The third scenario: Security incidents
This is the best known and most common scenario, especially in cases of incidents supported by the use of ransomware (where client data is encrypted and a ransom is demanded in exchange for an encryption mechanism), the actor compromises the organisation’s infrastructure, accesses certain volumes of data (not always sensitive, most of the time they seek volume in attacks that last a few days) and before encrypting them, they exfiltrate them outside the organisation’s perimeter. While this practice is not common to all actors, it is common for many of them, offering a second pressure factor for the payment of the ransom.
Once the malicious actor has exfiltrated a certain volume of data (the techniques for doing so are diverse and fall outside the scope of this article) it will usually take a few days (perhaps weeks) before he hears about it again. The ways in which this data is made public are almost always in one of the following cases:
- Pre-publication on some kind of “blog” (there are several famous “Happy blogs” by these actors) of the future file sharing. It seeks to increase the pressure on the victim, again aiming for the payment of the ransom.
- If they announce it beforehand, they usually comply and after some time they usually share (on another page, usually in TOR to avoid police or judicial action) the stolen data, a sample or the whole of it, but in subsequent deliveries.
- If, in some cases, the actor publishes the data on websites on the “shallow Internet“, the victim organisation or the law enforcement agency in charge of the case usually has the possibility to takedown the content by contacting the legitimate owners of the relevant web portal.
- In other cases, with or without prior notice on a blog, the exfiltrated data appear on a TOR page either in “auction” mode (restricted access but the victim can see the auctioned object as a third measure of pressure) or in public access mode (mentioned above).
In all these cases, our organisation’s data (of any kind) can end up uncontrollably on the Internet.
The overall impact of information leaks
Thinking about the more general cases, a number of direct consequences of data leaks in organisations should be taken into account.
- Legal consequences (the most popular but not necessarily the most sanctioning is the GDPR/LOPD line).
- They apply to cases where it is certain or highly likely that personal data of EU citizens are held in such files.
— In other regions, regulations similar to the GDPR may apply but of local or regional use (as far as their citizens are concerned), but not in the same way as the GDPR)
— In all these cases there is a sanctioning regime that may be applicable (including financial penalties and disqualification from holding public office in cases where it applies).
- Automated tools are usually necessary to be able to analyse hundreds of Gigabytes or even Terabytes of a leak, trying to characterise the type of data we have inside (which will be the focus of the argumentation of the data protection agency to decide on the sanction, as discussed in the previous point).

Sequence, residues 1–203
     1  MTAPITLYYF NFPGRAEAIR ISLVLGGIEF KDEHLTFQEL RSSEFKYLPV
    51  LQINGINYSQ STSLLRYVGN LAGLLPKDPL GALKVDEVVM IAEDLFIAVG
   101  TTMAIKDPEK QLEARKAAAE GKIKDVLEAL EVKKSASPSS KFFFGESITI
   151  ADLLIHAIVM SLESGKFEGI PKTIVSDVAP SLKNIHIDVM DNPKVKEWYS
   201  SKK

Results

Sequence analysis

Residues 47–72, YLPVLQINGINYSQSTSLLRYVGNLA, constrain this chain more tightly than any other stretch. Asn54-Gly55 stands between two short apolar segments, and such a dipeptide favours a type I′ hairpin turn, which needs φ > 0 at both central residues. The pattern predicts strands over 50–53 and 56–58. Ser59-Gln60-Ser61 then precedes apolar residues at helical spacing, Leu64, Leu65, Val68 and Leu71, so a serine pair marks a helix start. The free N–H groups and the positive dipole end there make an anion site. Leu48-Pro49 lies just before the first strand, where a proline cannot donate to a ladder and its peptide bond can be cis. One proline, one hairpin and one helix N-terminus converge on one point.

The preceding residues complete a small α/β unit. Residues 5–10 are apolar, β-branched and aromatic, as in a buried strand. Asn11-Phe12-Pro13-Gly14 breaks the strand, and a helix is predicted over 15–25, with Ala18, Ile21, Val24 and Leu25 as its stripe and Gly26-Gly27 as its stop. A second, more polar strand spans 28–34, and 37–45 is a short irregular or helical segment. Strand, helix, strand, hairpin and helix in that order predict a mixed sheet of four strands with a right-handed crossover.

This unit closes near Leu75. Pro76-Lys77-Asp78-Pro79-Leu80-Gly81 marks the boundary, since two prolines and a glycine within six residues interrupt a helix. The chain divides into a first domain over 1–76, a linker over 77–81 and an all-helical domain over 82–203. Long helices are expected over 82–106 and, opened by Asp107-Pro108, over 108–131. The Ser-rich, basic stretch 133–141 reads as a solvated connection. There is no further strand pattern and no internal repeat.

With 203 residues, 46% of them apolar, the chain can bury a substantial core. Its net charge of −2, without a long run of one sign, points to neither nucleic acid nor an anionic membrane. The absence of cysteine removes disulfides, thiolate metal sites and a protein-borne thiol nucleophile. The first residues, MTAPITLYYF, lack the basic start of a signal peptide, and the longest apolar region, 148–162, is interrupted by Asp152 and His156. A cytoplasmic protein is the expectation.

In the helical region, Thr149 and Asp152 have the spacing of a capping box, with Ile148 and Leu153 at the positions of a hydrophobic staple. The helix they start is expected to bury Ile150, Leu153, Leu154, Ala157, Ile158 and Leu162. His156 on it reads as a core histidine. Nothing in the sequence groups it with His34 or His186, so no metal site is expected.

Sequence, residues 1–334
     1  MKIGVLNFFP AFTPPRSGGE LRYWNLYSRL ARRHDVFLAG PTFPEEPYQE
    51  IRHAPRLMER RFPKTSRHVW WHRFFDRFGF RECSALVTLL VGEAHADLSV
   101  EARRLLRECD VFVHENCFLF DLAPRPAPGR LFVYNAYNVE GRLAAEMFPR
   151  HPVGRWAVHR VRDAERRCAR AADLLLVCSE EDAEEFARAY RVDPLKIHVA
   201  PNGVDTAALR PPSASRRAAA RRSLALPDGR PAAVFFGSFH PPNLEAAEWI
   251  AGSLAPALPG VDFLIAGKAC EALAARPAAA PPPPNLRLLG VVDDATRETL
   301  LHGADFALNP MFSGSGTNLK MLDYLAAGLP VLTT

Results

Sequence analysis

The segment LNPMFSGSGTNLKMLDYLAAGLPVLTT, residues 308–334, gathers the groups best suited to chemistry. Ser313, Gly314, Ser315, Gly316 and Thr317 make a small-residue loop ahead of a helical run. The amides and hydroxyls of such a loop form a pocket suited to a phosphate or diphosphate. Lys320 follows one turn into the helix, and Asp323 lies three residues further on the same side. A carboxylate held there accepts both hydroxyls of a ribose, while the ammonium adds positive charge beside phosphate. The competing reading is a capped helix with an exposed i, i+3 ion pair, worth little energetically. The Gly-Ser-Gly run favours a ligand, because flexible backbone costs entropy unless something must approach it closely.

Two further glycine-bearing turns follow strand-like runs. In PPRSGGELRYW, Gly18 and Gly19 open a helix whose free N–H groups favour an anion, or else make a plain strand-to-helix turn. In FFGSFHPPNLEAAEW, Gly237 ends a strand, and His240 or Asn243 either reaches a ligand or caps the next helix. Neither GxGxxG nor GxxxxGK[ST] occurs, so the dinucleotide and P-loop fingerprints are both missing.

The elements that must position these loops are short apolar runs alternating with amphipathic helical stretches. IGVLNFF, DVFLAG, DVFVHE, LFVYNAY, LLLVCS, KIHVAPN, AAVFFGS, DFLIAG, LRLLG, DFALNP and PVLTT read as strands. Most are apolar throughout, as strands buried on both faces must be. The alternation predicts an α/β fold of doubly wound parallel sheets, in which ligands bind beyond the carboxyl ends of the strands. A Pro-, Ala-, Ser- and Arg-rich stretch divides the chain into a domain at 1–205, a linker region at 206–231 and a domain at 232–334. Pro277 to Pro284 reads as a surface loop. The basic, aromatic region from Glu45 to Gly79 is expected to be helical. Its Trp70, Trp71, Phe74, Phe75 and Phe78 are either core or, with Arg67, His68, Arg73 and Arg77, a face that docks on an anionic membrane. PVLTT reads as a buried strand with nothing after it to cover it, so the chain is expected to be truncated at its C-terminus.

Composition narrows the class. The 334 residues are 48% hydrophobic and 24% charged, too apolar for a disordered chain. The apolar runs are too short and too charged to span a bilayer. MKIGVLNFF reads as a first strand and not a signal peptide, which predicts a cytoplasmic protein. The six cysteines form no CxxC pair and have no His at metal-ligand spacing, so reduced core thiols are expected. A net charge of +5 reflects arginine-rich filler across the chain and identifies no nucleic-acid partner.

- Contractual or NDA issues: In many cases, these data leaks contain confidential information about private companies, audits or sensitive intellectual property. This type of situation is often associated with confidential contracts covered by an NDA (Nondisclosure agreement) which, if not respected, can lead to significant financial penalties, cancellation of contracts, etc.
- They apply to cases where it is certain or highly likely that personal data of EU citizens are held in such files.
- Reputational damage: In the context of data leaks, it is obvious that many people visit TOR (or monitor it with automatic tools) and profit from these situations: either by commenting on social networks (they position themselves as experts), or by alerting third parties (almost always on commission), downloading the data and trading with them, etc. In all these cases, the situation will end up in the media and, depending on the case, perhaps in the press and on TV (with a very significant deterioration of brand image). Therefore:
- Some organisations have been tempted to pay the ransom for a ransomware incident (or for extortion by an internal insider), for example, just to avoid this situation even if they have a good recovery plan: severe reputational damage and disclosure of secrets, loss of trust of their main customers, etc., may be motivation enough.
- Beyond the sensitive information that a data leak may contain, much other information (including personal files of users themselves at any level of the organisation) may end up being downloaded anywhere and by any individual or group, which should be taken into account again, perhaps, for communication measures, legal action with third parties, disciplinary action against clearly incompetent employees, etc.
— In some anecdotal cases, the content of users’ personal files has been more “popular” than the actual leakage of data.
- A mixed case that sometimes occurs is where the data leakage includes data from third party organisations. Then the leakage relating to one company A has a negative impact on others (B, C, D, etc.) which again leads to serious problems of the two previous types.
The summary of the article is clear: no organisation is free from the risks of such situations and therefore any organisation can be faced with a major data leak with press and TV coverage. Often the content of the leak is not fully known until it is shared by the actor and can be downloaded for analysis. Depending on the case, reputational or legal problems will be the most serious concerns.
A very complex situation in any case and a major risk that we all need to mitigate. We should not forget that.